Aims/hypothesis: The enzyme hormone-sensitive lipase (HSL) is produced and is active in pancreatic beta cells. Because lipids are known to play a crucial role in normal control of insulin release and in the deterioration of beta cell function, as observed in type 2 diabetes, actions of HSL in beta cells may be critical. This notion has been addressed in different lines of HSL knockout mice with contradictory results.
Methods: To resolve this, we created a transgenic mouse lacking HSL specifically in beta cells, and characterised this model with regard to glucose metabolism and insulin secretion, using both in vivo and in vitro methods.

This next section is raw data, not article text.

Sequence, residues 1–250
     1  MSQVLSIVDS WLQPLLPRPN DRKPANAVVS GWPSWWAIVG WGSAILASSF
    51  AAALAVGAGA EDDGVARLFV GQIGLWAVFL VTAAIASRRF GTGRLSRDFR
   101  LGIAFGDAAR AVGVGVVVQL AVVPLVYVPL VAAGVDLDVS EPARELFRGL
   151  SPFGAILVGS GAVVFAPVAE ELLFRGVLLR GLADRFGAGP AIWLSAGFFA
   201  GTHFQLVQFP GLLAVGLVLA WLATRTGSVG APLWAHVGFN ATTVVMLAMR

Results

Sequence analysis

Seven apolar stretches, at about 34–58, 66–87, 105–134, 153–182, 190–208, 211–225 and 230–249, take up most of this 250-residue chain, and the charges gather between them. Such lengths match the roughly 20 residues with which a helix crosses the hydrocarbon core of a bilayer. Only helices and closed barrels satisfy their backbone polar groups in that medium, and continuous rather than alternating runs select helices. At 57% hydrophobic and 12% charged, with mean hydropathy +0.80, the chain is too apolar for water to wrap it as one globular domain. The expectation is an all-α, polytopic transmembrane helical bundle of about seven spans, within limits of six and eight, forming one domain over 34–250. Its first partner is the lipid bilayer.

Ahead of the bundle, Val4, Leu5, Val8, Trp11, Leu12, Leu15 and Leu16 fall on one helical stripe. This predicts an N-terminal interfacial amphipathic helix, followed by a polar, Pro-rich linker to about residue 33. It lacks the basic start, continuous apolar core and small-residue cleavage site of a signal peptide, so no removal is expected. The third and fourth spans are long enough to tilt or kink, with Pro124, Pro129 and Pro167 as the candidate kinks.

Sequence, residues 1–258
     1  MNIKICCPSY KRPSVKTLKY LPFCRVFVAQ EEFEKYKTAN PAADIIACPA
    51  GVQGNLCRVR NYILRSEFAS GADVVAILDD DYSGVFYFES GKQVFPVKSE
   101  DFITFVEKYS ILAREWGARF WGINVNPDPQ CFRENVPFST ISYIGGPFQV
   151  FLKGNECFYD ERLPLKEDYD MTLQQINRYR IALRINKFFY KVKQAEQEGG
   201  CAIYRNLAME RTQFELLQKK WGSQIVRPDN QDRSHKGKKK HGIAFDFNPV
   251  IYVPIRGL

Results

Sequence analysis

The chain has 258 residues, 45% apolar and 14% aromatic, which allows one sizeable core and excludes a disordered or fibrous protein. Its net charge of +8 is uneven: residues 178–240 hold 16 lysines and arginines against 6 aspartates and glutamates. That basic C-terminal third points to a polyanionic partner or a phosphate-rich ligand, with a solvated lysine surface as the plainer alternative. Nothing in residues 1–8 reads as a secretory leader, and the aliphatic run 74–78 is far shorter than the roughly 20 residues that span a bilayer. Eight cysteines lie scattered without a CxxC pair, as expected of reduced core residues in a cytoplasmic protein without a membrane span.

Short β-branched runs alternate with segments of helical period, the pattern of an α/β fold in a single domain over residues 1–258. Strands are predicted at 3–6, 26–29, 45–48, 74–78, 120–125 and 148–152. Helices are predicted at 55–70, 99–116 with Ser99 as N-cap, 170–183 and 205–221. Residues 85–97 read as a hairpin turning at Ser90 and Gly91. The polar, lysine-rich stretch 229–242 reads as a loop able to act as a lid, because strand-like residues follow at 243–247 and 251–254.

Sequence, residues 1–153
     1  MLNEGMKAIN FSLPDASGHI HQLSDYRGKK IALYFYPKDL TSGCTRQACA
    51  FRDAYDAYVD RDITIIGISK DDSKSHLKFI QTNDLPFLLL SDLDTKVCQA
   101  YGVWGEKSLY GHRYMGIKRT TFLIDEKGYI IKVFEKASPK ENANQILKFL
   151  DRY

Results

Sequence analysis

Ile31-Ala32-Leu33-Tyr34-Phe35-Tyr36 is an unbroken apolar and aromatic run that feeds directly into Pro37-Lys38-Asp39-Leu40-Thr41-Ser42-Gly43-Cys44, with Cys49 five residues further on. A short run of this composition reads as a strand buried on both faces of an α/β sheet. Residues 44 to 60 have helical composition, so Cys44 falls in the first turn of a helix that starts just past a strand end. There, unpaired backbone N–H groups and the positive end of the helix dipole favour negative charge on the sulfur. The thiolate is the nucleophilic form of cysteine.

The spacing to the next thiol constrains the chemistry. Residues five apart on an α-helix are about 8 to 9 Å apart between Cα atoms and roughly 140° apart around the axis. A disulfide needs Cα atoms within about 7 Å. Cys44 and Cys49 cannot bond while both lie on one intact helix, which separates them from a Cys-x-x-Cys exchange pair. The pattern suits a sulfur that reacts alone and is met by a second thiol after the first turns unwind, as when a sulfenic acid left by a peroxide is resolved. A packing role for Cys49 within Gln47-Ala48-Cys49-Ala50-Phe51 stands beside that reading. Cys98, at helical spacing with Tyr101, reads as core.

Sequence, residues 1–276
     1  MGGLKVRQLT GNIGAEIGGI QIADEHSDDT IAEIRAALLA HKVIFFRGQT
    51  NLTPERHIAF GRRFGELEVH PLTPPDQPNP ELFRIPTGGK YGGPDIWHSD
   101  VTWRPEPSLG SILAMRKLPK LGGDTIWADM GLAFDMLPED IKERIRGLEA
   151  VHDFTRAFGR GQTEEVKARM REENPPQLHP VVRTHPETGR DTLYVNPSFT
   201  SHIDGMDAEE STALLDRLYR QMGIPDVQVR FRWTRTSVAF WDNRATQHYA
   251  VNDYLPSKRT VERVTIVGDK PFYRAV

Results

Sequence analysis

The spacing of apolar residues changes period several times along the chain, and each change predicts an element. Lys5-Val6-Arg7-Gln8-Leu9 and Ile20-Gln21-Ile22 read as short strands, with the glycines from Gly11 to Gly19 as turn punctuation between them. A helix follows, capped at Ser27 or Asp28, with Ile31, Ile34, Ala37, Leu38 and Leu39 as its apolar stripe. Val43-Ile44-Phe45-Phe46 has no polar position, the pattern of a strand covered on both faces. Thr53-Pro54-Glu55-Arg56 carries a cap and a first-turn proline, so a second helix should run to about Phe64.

Results: We found that fasting basal plasma glucose levels were significantly elevated in mice lacking HSL in beta cells. An IVGTT at 12 weeks revealed a blunting of the initial insulin response to glucose with delayed elimination of the sugar. Additionally, arginine-stimulated insulin secretion was markedly diminished in vivo. Investigation of the exocytotic response in single HSL-deficient beta cells showed an impaired response to depolarisation of the plasma membrane. Beta cell mass and islet insulin content were increased, suggesting a compensatory mechanism, by which beta cells lacking HSL strive to maintain normoglycaemia.
Conclusions/interpretation: Based on these results, we suggest that HSL, which is located in close proximity of the secretory granules, may serve as provider of a lipid-derived signal essential for normal insulin secretion.